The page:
Vietnam to Continue Building Logistics Expertise in Face of Growing Demand

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By Edward Barbour-Lacey

HCMC – Logistics are a key part of any business chain and, as Vietnam’s economy continues on its growth track, demand for logistics services has grown exponentially. Despite some problems, the country is working hard to keep up with the ever-growing logistical needs of businesses operating within the country.

In particular, the high level of foreign direct investment (FDI) into Vietnam’s manufacturing sector has been a strong driver for international transport and logistics services.

With its long coastline, Vietnam naturally leans heavily on sea freight transportation for its export trade. However, airfreight is now also seeing significant growth. All of these logistical options are facing their own challenges as they struggle to modernize and expand quickly enough to handle the growing customer demand.

Logistics problems

Currently, there are around 300,000 businesses providing logistics services in Vietnam. These businesses employ an estimated 1.5 million people, 40 percent of whom are located in Ho Chi Minh City (HCMC).

As mentioned above, the logistics industry is experiencing strong growth, however, it has been difficult for companies to hire enough qualified people to handle the increased business. In fact, according to some estimates, 60 percent of the logistics demand in Vietnam is currently going unmet – representing a significant opportunity for foreign logistics firms looking for their next growth market.

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One of the key human resource problems is the lack of vocational training that is currently offered in the country. However, Vietnamese schools are working to rectify this situation. For example, the HCMC City University of Transport and the Vietnam Maritime University have both opened new facilities that will focus on logistics education.


Much of Vietnam’s commercial and manufacturing activity is still located in the south of the country, which has made the ports along the Mekong River Delta and in HCMC key transport and logistics locations.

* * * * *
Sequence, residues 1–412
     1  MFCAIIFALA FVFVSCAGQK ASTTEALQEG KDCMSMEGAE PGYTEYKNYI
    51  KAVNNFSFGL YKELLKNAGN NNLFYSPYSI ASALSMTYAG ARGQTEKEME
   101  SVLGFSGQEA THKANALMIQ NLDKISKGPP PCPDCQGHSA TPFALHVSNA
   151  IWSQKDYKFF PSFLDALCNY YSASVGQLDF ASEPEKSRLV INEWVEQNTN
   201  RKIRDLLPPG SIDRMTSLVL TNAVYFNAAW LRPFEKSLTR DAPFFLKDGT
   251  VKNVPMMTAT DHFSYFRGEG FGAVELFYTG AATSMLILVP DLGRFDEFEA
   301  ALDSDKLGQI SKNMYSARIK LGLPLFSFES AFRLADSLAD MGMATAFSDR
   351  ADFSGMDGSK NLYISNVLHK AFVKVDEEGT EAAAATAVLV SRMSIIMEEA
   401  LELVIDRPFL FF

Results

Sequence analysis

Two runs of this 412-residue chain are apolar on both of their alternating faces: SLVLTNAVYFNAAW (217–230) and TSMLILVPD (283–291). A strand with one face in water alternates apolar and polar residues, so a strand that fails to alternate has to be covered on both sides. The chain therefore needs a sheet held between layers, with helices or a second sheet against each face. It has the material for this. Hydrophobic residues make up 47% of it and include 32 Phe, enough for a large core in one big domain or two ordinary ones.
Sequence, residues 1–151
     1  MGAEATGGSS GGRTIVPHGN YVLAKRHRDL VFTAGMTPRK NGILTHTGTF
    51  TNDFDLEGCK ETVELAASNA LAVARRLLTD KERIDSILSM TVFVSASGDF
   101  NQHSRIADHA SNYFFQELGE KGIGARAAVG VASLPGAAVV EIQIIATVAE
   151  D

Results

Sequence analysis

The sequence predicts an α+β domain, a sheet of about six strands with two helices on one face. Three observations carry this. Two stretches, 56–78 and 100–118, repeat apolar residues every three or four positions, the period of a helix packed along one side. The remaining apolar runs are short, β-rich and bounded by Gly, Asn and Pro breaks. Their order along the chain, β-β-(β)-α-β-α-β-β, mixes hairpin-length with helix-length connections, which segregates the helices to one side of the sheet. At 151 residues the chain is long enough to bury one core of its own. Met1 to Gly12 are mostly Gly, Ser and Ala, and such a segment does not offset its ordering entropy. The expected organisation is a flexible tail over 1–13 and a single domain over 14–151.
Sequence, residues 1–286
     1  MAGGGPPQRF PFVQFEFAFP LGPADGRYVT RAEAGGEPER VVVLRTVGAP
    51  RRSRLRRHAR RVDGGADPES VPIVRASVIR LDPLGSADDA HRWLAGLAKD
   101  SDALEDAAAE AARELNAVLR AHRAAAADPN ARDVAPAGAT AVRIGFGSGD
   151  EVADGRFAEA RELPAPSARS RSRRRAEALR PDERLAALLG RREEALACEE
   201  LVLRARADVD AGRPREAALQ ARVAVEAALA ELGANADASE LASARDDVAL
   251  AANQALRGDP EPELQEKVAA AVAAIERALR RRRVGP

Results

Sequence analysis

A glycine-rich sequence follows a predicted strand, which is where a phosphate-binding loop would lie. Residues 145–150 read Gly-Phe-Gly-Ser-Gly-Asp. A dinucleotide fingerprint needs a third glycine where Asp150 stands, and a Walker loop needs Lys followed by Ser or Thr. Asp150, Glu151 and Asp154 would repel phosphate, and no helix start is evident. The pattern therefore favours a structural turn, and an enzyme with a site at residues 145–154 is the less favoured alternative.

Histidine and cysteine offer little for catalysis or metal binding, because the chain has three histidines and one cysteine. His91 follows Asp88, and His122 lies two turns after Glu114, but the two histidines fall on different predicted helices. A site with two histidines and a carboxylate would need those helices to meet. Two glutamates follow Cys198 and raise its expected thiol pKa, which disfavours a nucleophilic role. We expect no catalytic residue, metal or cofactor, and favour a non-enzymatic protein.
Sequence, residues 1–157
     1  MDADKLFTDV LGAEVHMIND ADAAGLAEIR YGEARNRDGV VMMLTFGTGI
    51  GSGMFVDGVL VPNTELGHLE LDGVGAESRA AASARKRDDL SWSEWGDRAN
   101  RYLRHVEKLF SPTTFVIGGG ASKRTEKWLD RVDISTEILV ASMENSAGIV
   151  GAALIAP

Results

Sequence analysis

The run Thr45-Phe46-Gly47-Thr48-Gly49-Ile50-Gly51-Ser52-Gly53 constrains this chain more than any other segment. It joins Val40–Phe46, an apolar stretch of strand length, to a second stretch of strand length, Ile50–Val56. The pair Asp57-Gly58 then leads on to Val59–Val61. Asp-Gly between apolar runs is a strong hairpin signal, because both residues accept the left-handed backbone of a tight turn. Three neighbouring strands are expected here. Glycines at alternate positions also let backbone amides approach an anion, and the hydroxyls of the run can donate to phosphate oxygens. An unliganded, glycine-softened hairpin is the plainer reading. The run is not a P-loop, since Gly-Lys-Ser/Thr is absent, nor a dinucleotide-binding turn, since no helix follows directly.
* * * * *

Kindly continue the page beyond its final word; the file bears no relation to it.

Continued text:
According to Alphaliner, a leading shipping industry analytical firm, its 2014 list of the top 30 container ports revealed that Vietnamese ports saw the strongest growth rate out of all the ports. HCMC’s deep-water port Cai Mep saw its volume handled increase by 16.7 percent year on year. Additionally, the northern port of Hai Phong saw a 14.3 percent growth in volume. The average volume growth for the other ports on the list was just 5.3 percent.

Vietnam’s ports are continuing to see strong growth in 2015 as well. Port terminals in HCMC have already seen an increase of 12.6 percent in volume during the first quarter of the year. However, this fast growth has also resulted in some berth congestion at the terminals.

Analysts expect the region’s seaports to handle around 200 million tons of cargo in 2015, growing to 305 million by 2020, and to a staggering 650 million tons by 2030.

In order to deal with the increasing flow of shipping traffic, HCMC is building its first special economic zone (SEZ) with a focus on maritime activities. Additionally, dredging projects, such as the one in the Soai Rap, will continue to help with faster navigation and allow larger ships to enter the waterways.


According to Vietnam’s Deputy General Director of the Vietnam Civil Aviation Authority, the country’s airfreight services are seeing the third fastest growth in the world. However, Vietnam has struggled to set up a comprehensive logistics chain to take advantage of this growth.

Since 2001, more than 50 airlines, from 25 nations and territories, have begun operations in Vietnam. Airfreight has grown at a blistering annual rate of 15.3 percent.

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Part of Vietnam’s airfreight logistical problems stem from the lack of coordination between the different logistics sectors, as well as from a need to update technology and better train employees.

The Vietnamese government is keen to implement solutions to these problems as quickly as possible. At the recent second International Conference and Exhibition for Airfreight Logistics Vietnam, the chairman of the Vietnam Airfreight Logistics Association, stated that “developing a complete logistics chain is a must and the conference aims to learn about airfreight experience around the world and apply it to the Vietnamese situation.”

According to Tom Hoang, Regional Director for Cargo Marketing at Boeing, Vietnam’s air cargo market will grow at an annual rate of 11.5 percent for the next ten years.


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